Have you ever hesitated to tell your boss that they’re wrong? Have you thought twice about speaking your mind, fearing that the captain knows better? Then you might be experiencing a steep power distance in your workplace.
What is power distance?
he degree of variance or steepness in the distribution of power and authority within an organisation or work environment is referred to as the power gradient, or distance. Dr. Geert Hofstede, a psychologist, published his cultural dimensions model at the end of the 1970s, based on 10 years of research in which he investigated power distance dynamics in several nations. It is now well recognised across the globe as a standard for understanding cultural differences.
Hofstede’s model investigated power distance in various nations, but power distance also has an impact on how an organisation performs.
The presence of a steep power distance in the workplace, particularly onboard a ship, can have detrimental effects on safety, teamwork, mental health, reporting of abuse and harassment, and innovation.
It is essential for leaders to recognise and address power distance dynamics in order to create a work environment that promotes safety, collaboration, and employee well-being.
How does power distance affect the workplace?
#1: Preventing the worst
Having a healthy power distance is especially important in high-risk working environments, such as those onboard a ship. Crew members not being able to express their minds can jeopardise their safety and physical integrity.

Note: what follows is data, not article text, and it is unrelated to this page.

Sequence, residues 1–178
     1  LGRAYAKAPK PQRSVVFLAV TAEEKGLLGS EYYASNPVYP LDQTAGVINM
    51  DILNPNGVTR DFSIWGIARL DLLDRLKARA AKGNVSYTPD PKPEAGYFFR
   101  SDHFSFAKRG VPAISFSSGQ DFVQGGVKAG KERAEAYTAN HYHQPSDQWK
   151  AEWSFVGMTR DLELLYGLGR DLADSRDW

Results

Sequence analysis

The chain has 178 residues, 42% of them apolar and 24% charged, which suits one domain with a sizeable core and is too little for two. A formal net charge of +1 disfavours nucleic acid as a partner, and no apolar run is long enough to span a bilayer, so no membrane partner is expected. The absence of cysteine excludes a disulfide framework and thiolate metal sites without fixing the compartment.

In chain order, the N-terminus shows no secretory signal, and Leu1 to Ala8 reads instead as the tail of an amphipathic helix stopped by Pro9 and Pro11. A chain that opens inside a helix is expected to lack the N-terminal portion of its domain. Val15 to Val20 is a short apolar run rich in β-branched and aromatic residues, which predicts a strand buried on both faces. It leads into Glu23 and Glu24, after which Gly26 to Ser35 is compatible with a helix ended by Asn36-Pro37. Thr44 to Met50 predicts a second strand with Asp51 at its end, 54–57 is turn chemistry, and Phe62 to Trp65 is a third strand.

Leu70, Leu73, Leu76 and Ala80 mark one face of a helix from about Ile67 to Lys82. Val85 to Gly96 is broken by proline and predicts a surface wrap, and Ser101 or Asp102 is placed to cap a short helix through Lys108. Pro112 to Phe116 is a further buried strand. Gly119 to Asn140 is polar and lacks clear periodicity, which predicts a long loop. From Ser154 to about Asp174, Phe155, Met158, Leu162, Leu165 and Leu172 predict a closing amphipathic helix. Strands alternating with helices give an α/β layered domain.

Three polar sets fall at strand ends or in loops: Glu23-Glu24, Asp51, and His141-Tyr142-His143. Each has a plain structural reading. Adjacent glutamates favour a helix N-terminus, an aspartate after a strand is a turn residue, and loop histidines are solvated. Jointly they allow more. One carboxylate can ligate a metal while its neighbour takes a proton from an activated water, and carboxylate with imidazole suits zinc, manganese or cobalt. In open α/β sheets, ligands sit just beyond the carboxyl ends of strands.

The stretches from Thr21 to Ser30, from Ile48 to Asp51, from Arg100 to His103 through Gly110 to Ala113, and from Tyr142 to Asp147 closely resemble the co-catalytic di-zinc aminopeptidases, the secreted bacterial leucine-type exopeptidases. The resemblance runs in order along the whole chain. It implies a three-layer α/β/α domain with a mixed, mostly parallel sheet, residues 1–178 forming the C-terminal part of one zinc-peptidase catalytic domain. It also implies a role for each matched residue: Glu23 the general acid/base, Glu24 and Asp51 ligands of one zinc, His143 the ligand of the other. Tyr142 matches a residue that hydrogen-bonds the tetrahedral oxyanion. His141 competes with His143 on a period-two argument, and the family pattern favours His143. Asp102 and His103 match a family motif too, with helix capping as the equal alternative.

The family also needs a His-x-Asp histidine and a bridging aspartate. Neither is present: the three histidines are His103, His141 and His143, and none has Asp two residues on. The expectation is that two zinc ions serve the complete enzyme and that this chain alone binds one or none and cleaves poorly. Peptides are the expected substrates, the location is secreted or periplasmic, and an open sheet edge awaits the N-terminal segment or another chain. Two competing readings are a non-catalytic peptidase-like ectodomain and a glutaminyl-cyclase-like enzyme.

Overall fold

For example, if a junior crew member feels belittled or afraid to speak their minds, a potential hazard that they may have noticed will probably not be communicated to the senior officers, which can result in dire consequences.
This is also known as the Malcolm Gladwell hypothesis. Using aviation as an example, Gladwell has argued that many accidents are avoidable and are actually caused by a combination of an error by the Captain and a reluctance on the behalf of the co-pilot to correct the captain’s error. Or it might be an error in the flight control tower and if the pilots in the cockpit are from a low power distance culture, they might not be assertive enough in telling the control tower what they need.
Case study: How does the hypothesis apply to shipping?
Gladwell may have developed his hypothesis based on aviation, but this is also very true for the maritime industry. Using this CHRIP anonymous report as a case study, we can see why:
The Confidential Human Factors Incident Reporting Programme (CHIRP) is a platform that provides a totally independent and confidential reporting system. In a reported incident, a crewmate was jolted awake by his second officer, who had just anchored and completed his watch. He had the last navigation watch for arrival around 2 a.m., so the captain arrived early and took over while the second officer and lookout went to drop anchor.
A guest and a bodyguard arrived on the bridge shortly after the captain. The captain was distracted during the handover because the guest stood at the helm.
The captain had no idea they were so close to the bay. The second officer noticed that the boat was entering the bay too quickly, but he didn’t want to bother the captain, who was talking to the guest. He eventually warned him as the boat sped into the bay at 14 knots, narrowly missing several anchored sailing boats, and ran aground.
How power distance led to this grounding: